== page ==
For more than four decades, Storm Boy has been an essential part of the Australian primary school experience. If you didn't read Colin Thiele's novella, losing yourself in its pages, then you watched the wonderful 1976 film adaptation. Perhaps you did both — or maybe you saw the stage version from the 90s onwards. Both then and now, Storm Boy has always told a timeless tale, but its 2019 remake might've benefited from arriving a few years earlier. The central narrative remains just as affecting, focusing on a young boy and the lively pelican he comes to call his best friend. The movie's new additions and its big-name star, however, don't fare as well.
In much of the film, the story of a pre-teen Mike Kingley (Finn Little) scampers across the screen, just as the boy himself scampers along South Australia's sandy Coorong coastline. Other than his fisherman dad "Hideaway" Tom (Jai Courtney), Mike's days are largely free from human contact. When he meets another of the region's reclusive figures in local Indigenous man Fingerbone Bill (Trevor Jamieson), he makes a rare pal. The two bond over a trio of other lonely creatures: three baby pelicans whose mother is shot and killed by hunters. Naming them Mr Percival, Mr Proud and Mr Ponder, Mike takes the helpless chicks under his wing, cares for them and watches the birds grow.
From Lassie's yearning to return home, to Kes' combination of a kid and a kestrel, to the recent version of Pete's Dragon, accounts of humanity's connection with animals have long inspired movie magic. In pictures such as E.T. the Extra Terrestrial and the recent Transformers prequel Bumblebee as well, the same themes and emotions apply. Sometimes the genre tugs a little too hard on the heartstrings, and sometimes it's happy being a tad too cheesy, but when it works, it brings tears and tender feelings in equal measure. And in Storm Boy, it works. Watching Mike escort his grown pelicans back into the wild, then watching Mr Percival make his return, proves moving in all of the right ways. The path their tale charts from there also evokes a genuine reaction.
There's a sunny but never blindly optimistic glow to these 1950s-set scenes, as paired with warm performances from the effortlessly naturalistic Little, Courtney putting in his best work in years, and the engaging Jamieson stepping into David Gulpilil's shoes. Making his first movie since 2008's Two Fists, One Heart, director Shawn Seet finds the right mood and tone even when he dials up the sentiment to obvious heights, while also filling the main section of the film with sweeping images. Alas, unlike its predecessor, the young Mike's exploits with Mr Percival only comprise part of the picture.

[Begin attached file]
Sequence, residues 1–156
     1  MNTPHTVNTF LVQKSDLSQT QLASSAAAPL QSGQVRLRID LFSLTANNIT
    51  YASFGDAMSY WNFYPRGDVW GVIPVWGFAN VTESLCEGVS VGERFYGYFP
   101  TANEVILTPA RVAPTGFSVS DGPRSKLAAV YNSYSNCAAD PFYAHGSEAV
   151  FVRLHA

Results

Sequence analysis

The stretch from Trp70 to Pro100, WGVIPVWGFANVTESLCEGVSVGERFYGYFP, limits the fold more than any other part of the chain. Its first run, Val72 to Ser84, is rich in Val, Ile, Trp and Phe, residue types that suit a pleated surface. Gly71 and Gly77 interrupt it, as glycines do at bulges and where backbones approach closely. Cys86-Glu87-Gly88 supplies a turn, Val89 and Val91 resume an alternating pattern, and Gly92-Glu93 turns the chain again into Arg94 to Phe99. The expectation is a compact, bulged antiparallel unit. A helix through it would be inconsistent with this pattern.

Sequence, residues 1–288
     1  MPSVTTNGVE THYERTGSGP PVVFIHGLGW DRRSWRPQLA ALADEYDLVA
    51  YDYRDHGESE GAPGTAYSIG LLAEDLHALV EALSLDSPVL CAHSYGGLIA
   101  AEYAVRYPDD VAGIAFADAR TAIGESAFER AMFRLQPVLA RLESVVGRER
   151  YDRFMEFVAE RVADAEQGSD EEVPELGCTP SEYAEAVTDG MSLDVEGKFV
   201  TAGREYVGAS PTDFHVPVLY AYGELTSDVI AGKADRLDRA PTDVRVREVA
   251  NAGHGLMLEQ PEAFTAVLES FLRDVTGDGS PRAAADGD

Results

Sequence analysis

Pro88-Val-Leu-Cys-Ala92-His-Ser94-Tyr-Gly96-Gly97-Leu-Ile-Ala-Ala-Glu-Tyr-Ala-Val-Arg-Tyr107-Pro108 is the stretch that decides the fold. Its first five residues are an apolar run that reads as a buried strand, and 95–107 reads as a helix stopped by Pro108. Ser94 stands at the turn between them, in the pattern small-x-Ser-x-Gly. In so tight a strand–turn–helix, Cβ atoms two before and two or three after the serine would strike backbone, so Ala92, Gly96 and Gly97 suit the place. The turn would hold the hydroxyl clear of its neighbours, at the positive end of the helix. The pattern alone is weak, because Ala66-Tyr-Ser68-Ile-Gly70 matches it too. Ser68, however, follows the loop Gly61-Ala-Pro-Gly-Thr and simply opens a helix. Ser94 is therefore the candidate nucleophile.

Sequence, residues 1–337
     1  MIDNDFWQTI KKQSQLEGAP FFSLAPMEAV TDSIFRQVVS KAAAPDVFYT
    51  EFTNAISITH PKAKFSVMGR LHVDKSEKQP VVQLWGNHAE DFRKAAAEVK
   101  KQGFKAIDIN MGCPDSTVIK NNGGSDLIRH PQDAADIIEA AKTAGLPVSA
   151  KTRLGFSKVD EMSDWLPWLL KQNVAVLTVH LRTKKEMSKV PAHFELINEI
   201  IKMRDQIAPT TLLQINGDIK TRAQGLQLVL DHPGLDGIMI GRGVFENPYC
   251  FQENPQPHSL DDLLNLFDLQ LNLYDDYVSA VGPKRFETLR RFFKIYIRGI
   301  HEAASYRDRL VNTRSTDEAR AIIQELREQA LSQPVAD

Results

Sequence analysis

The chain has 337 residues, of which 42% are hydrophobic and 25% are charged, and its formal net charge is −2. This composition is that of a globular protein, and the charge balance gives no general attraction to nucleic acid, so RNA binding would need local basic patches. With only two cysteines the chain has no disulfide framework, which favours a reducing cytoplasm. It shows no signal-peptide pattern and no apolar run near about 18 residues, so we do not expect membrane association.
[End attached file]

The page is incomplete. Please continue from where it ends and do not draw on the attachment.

Wrapped around Storm Boy's compassionate core is a contemporary story, following Mike as a weary, wealthy grandfather played by Geoffrey Rush. Summoned to a board meeting for the family company that's now run by his son-in-law (Erik Thomson), the ageing character relays his childhood memories to his teenage granddaughter (Morgana Davies), who's firmly against her father's latest plans. These additions by screenwriter Justin Monjo (Jungle) come saddled with a well-meaning environmental statement that brings modern-day relevance, but the end product is as forceful and clumsy as it sounds. They also push Rush to centre stage for a significant portion of the movie, a move that feels unnecessary given how engaging the flashback scenes are — and also feels uncomfortable after the recent allegations of sexual harassment levelled against the actor, which he denies.
As a result, Storm Boy is both a gorgeous film and a wayward one. Its soaring heights are a delight, and its awkward depths are an unwanted distraction. One will melt even the hardest of hearts, the other will test even the most patient of viewers. Our advice: focus on the titular tyke and the pelican, although you'll wish the filmmakers had heeded the same words.